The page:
The Nissan Cube sold very well in its Japanese homeland, but struggled to find many North American buyers during its 2009-2014 sales run over here. As was the case with its boxy Scion xB competitor, the target demographic of youthful Americans looking for a “mobile hub” (Nissan’s term) seemed unimpressed with the Cube, and plenty of Cube haters saw its asymmetrical design as the visual equivalent of fingernails-on-the-chalkboard. Here’s a 2010 Cube in a Denver self-service yard with the exceedingly rare six-speed manual transmission.
The six-speed manual was mandatory in the base trim level and optional in the second-from-the-bottom Cube S. All the higher levels got the CVT, and that’s the transmission you’ll find in just about every Cube on the road today.
Getting a manual Cube saved the buyer plenty of money; a six-speed entry-level 2010 Cube cost just $13,990 (that’s about $16,780 in 2020 bucks), while the cheapest possible CVT Cube started at $16,030 ($19,225 today). Few felt willing to go for the cheaper transmission, of course, not when they had to spend hours in stop-and-go traffic every week, juggling a phone and coffee and steering with their elbows. Who’s got a hand free for a gearshift?
The idea was that youthful drivers would go crazy for the color-changing LED interior lighting and futuristic-looking controls, and perhaps some did.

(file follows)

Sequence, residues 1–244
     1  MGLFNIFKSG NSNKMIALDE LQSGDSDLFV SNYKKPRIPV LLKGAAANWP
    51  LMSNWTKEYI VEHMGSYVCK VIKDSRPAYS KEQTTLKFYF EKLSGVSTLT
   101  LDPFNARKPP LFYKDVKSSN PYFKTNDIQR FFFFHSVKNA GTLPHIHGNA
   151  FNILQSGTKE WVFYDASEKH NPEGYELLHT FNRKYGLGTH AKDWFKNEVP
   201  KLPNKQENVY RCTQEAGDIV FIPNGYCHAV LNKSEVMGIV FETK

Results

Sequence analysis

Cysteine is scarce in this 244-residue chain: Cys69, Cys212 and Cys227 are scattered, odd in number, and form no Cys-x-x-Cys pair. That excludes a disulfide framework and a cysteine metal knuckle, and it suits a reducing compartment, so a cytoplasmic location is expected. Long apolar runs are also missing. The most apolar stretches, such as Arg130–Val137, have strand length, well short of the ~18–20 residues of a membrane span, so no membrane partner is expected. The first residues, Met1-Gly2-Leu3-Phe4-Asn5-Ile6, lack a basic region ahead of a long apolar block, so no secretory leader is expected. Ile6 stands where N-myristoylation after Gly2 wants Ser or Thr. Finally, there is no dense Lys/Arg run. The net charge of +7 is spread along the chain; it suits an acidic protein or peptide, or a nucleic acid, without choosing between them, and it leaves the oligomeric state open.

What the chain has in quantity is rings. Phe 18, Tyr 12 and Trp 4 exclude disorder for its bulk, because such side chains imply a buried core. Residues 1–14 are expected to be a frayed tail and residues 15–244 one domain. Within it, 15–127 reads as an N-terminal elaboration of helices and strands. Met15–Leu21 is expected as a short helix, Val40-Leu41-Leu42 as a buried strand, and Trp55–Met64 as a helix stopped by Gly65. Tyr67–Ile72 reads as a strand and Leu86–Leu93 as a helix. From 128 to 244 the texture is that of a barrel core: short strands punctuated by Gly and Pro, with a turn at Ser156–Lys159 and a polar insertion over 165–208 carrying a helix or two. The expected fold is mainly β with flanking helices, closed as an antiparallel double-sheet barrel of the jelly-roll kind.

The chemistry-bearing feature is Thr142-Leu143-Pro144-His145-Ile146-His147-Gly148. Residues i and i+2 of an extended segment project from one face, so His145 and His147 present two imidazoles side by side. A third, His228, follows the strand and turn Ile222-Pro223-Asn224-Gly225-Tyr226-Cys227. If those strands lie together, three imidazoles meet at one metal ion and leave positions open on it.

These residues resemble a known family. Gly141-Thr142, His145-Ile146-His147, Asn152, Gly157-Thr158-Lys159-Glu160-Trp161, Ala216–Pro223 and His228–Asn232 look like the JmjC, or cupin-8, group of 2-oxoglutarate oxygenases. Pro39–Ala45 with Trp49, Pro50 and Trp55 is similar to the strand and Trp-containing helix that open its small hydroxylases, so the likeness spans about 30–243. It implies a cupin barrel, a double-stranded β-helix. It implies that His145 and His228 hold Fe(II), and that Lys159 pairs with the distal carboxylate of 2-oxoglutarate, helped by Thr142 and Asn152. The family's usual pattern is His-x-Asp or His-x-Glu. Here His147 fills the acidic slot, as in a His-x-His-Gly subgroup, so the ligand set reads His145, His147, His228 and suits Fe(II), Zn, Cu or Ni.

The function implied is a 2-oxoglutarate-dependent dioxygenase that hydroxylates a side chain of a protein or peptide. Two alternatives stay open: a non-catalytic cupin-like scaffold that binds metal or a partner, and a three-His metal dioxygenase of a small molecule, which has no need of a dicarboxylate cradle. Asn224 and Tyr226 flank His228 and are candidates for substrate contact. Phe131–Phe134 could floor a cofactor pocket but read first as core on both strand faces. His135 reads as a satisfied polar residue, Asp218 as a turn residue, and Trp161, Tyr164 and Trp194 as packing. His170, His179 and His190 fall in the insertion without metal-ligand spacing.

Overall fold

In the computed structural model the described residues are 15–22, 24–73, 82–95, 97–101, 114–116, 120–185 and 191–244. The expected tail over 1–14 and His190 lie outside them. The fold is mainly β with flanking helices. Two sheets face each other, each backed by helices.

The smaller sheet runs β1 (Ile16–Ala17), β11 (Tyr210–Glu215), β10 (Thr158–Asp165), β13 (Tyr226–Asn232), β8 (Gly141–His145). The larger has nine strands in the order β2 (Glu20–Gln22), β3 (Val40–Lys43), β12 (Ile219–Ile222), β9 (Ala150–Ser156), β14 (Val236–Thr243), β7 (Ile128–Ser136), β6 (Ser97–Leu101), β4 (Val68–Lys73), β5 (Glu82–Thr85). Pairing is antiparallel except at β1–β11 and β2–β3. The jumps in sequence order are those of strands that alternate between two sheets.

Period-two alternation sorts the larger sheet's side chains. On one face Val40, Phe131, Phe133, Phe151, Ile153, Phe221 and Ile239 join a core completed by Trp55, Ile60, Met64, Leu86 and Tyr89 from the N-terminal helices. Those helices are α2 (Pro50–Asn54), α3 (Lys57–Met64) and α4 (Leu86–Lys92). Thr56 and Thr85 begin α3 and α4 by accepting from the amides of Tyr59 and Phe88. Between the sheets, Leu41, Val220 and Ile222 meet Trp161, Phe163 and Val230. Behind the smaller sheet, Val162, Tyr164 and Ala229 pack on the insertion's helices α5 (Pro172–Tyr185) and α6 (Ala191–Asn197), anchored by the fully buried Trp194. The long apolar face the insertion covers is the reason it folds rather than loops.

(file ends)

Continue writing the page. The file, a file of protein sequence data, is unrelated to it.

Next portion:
The Cube offered an amazing amount of interior space for its small footprint, and the rear door swung open sideways for easy cargo loading from the sidewalk (right-hand-drive cars had the rear door hinge on the other side).
If you never liked Big Daddy Roth’s Orbitron, the asymmetry of the Cube’s body likely sends you into a rage. I’ve always liked the look of the Cube, and I might keep my eyes open for a six-speed runner for sale at a reasonable price (since I know I’ll never manage to find any of the tiny quantity of five-speed Mazda5s sold in the United States).
Poor unloved Cube!
Pretty much the same thing as a really cool smartphone. Nissan keep the code-nerd underscore-character “SHIFT_” thing going for many years after the Dot-Com Boom made it crypto-fashionable.
Mobile devise, mobile device.
This ad is just depressing for those of us stuck in 2020.